January 8, 2019The Journal Record |
OKLAHOMA CITY – As Oklahoma continues its fight against the opioid epidemic, one lawmaker wants to improve access to overdose antagonists in schools.
Several officials within the state, including those at the Oklahoma State Department of Health and the Department of Mental Health and Substance Abuse Services, have been working to familiarize the state with naloxone. The medication and its generic forms can be administered to a patient undergoing an opioid overdose to suspend the reaction. The treatment lasts from 30 to 90 minutes, allowing the person to stabilize long enough to be delivered into medical care. That familiarity and access expansion has become easier since a generic version of the drug became available in the form of a nasal spray. Narcan looks similar to a canister of Flonase and is administered the same way.
State Sen. Greg McCortney, R-Ada, introduced legislation that would bring that access to public schools, charter schools and technology centers. Senate Bill 85 would allow nurses or other officials that school districts designate to administer Narcan to students. They could do so after undergoing training available through the Oklahoma State Department of Health.
He said the Department of Education approached him about the bill because current law is vague when it comes to who in schools has authority to administer the treatment.
“The last thing we want is for there to be a lack of clarity,” he said. “If a teacher wants to save a student’s life, I want them to be able to.”
Across the country, an average 46 people died daily from opioid overdoses in 2017, according to the Centers for Disease Control and Prevention. Oklahoma’s accidental poisoning deaths surpassed 700 in 2016, and the top contributor was prescription overdoses, which killed more than 400 people, according to the State Department of Health.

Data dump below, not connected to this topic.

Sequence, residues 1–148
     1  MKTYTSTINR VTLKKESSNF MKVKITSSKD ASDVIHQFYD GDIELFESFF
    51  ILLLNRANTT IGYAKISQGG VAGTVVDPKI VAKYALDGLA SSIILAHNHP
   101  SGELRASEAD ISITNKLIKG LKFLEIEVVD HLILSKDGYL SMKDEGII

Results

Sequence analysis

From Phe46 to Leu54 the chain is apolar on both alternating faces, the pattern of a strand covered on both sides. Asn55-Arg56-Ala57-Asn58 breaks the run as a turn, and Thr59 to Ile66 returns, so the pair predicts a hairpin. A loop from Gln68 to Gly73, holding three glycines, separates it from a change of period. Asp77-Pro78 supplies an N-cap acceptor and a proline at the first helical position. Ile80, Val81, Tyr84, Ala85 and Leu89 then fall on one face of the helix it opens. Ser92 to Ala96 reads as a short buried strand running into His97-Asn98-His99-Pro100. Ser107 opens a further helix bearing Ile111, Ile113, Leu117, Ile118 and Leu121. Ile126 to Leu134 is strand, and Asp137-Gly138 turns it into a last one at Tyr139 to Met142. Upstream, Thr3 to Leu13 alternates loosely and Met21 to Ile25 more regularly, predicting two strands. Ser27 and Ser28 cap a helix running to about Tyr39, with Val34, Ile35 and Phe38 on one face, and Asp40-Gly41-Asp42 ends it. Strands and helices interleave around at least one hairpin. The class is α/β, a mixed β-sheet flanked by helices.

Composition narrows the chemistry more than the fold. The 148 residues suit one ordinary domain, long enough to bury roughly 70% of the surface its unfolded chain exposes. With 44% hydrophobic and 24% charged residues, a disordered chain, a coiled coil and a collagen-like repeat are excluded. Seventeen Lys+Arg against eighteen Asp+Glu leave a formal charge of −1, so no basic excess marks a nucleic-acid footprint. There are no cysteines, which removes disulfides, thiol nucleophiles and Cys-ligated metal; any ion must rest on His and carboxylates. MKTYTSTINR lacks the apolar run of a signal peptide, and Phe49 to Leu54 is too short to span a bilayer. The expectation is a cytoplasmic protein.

The Department of Health has been training Oklahomans on using naloxone and Narcan for several years, said Avy Redus, the department’s project coordinator of injury prevention service.
“Our primary focus has been training emergency medical personnel,” she said.
Before 2013, state law allowed only paramedics, which are high-level technicians, to use the drug on overdose patients. That year, the Legislature made it legal for lower-level ambulance technicians as well as other first responders to use it. After the law changed, the department began working with those technicians as well as volunteer firefighters. That training is necessary because responders have to do more than give patients the spray. Overdose symptoms often include strained breathing or choking as well as vomiting.
“It’s also about doing chest compressions and airway management,” Redus said.
In addition to in-person sessions, the department offers online trainings, overdose data and statistics and several other resources at poison.health.ok.gov. In addition to expanding access to emergency responders, the department has worked to make it more accessible to residents outside of the medical field. The department’s website contains information about where to find the medication statewide.